This is the analysis of Andrea Scauri, Italy equity manager at Lemanik.
Overall, 2022 was a very bad year for financial assets in general. And investment houses’ forecasts for 2023 are just as dark. According to Bloomberg, the average forecast for the S&P’s projected annual change is negative for the first time in years, or perhaps even forever. This shows that the expected earnings downturn is more than expected, even if the actual numbers from a bottom-up perspective do not yet reflect it. Earnings will be a downside, but not to the extent that many expect now.
The total equity exposure to the United States is near historic lows. There have been small gains recently since the last rally, but the overall picture is still markedly subdued. Retail buying in the United States continues to decline. From a purely contrarian perspective, ongoing retail sales are a factor in justifying a positive outlook for the coming year. This phase of retail sales demobilization was more than expected since 2021 and can certainly last for a while longer. However, the level of euphoria has clearly been removed from the market, and the feeling of euphoria is now over. But it is not only the depressed retail sentiment and positioning, but also that of institutional investors, that leaves much room for normalization next year as well. Equity versus bond allocation is already at crisis lows, and risk appetite is worse than at Covid and the 2008 crisis.
Another main reason for our positive forecast for 2023 is history and seasonality. 2023 is a pre-election year. Pre-election years are generally very bullish. The average performance in pre-election years is 16.9% for the S&P over the past 70 years. But this statistic becomes even more interesting when we look at the previous year. The year 2022 was not a normal mid-term year, but ended with a substantial loss for the global indices. And when that happens, the following year turns out to be even more positive. Since 1950 there have been eight times when the S&P ended the midterm year with a negative return. Each time, the year following the election has turned out positive, with an average return of 25 percent. It is also quite rare to have two consecutive years of losses.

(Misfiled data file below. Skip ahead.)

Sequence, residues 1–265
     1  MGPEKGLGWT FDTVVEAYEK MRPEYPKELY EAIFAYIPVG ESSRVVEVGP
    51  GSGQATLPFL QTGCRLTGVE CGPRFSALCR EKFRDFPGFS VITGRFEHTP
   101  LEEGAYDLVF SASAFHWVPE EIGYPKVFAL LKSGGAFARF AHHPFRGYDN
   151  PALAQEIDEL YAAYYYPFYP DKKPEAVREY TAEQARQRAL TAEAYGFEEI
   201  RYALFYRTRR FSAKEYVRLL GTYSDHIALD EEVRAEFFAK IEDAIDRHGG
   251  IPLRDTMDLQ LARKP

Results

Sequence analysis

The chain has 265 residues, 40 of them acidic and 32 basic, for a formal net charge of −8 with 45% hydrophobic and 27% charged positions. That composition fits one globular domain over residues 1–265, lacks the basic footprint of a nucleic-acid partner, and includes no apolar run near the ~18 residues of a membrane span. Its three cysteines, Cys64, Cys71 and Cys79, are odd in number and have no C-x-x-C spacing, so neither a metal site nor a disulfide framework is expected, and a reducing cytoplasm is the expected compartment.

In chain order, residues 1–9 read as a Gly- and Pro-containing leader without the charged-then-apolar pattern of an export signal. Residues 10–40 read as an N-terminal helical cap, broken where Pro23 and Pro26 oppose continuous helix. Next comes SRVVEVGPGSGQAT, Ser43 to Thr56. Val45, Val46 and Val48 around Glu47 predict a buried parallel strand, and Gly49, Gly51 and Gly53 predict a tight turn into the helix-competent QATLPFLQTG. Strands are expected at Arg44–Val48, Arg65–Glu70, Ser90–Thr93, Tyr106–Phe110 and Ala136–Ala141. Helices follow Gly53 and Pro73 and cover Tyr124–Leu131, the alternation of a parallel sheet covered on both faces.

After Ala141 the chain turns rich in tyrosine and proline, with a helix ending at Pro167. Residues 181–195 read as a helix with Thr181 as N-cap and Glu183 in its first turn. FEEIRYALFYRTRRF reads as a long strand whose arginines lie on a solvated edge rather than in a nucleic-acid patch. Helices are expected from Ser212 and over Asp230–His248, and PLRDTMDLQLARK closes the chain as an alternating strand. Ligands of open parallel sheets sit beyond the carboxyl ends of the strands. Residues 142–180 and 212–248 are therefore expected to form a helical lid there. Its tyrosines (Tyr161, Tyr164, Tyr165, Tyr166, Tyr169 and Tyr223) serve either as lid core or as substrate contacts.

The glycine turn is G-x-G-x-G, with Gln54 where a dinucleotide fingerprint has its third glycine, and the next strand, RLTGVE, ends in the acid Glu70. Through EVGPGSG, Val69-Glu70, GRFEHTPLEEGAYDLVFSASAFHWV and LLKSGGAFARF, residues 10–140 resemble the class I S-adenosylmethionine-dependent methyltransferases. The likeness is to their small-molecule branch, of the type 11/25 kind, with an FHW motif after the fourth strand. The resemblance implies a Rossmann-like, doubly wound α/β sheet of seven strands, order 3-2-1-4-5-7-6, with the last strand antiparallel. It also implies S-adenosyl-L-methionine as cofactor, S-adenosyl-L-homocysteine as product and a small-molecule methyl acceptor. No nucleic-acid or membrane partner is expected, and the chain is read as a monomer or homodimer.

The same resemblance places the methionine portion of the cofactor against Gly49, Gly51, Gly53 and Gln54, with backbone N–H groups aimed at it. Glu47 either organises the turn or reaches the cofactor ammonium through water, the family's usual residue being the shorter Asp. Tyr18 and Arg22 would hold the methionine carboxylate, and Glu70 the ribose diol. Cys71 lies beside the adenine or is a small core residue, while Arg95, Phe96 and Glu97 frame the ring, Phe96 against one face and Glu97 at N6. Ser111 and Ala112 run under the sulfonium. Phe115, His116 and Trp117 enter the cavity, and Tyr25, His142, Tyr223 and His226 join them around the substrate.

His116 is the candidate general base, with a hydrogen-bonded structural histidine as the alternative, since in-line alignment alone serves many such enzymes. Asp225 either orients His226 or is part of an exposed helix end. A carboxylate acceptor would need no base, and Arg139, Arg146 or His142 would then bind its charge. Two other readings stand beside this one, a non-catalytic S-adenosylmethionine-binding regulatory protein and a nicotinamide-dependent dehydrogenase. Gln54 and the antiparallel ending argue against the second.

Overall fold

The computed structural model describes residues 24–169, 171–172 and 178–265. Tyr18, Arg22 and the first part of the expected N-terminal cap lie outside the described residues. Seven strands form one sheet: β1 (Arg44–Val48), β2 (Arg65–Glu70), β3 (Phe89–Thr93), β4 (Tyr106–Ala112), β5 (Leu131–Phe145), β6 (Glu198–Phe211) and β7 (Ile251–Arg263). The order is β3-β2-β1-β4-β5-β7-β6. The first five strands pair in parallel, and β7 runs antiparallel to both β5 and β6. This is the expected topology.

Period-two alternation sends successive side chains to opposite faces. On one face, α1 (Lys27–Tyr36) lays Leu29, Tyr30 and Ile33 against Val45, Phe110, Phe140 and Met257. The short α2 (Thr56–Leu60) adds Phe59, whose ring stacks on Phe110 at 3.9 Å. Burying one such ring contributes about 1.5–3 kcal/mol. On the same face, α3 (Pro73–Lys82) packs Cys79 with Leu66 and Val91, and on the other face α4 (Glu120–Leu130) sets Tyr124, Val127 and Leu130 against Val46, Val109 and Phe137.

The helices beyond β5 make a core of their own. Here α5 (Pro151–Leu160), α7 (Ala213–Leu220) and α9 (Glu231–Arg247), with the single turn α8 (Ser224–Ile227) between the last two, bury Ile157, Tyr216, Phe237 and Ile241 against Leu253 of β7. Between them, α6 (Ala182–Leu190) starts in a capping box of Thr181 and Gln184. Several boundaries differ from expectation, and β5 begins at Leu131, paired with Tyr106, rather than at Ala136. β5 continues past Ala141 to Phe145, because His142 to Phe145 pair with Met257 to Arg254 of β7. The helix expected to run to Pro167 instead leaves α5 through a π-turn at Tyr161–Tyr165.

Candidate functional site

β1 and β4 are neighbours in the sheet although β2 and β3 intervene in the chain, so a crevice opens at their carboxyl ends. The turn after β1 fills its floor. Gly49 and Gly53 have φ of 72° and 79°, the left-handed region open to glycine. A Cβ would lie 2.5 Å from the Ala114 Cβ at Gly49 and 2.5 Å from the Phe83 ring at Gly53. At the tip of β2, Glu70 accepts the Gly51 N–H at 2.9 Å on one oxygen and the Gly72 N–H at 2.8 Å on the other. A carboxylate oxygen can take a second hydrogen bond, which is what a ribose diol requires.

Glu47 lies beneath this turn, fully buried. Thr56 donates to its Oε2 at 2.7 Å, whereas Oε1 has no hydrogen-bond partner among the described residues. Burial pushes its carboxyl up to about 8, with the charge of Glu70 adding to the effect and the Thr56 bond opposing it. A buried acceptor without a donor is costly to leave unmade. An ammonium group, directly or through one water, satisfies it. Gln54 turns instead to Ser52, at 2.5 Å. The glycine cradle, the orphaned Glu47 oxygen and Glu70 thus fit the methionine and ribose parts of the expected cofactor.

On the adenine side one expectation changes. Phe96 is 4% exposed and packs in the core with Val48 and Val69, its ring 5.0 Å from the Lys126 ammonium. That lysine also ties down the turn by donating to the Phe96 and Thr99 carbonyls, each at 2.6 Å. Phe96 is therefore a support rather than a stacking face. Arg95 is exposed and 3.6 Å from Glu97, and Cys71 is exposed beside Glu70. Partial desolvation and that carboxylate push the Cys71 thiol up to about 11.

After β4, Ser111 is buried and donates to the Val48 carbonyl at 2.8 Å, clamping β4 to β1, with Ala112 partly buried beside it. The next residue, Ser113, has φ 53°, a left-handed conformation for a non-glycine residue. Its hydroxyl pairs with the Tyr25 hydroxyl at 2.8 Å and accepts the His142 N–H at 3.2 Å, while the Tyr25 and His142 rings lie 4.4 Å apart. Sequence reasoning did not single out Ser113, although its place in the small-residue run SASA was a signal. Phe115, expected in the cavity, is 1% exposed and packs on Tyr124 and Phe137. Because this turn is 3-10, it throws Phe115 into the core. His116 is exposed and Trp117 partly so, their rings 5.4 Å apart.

“We do not see this as a repeat of 2008 or 2001,” Scauri concludes. “This is a normal recession with very high inflation, which is being countered by decisive central bank action. That action may or may not create a financial crash. It probably will and that will be the reason for some turbulence in the second/third quarter. But this is normal and has happened many times before and we have moved on. With interest rates now much higher than in the last 10 years, central banks at least have the space and ammunition to react to any unforeseen event.”
More than 20 years of experience in equity markets, developed both within Asset Management firms and at leading investment banks both domestically and globally. In these contexts, Andrea lived between Milan and London before joining Lemanik Invest SA in 2019, he has been directly involved in IPO processes of several companies...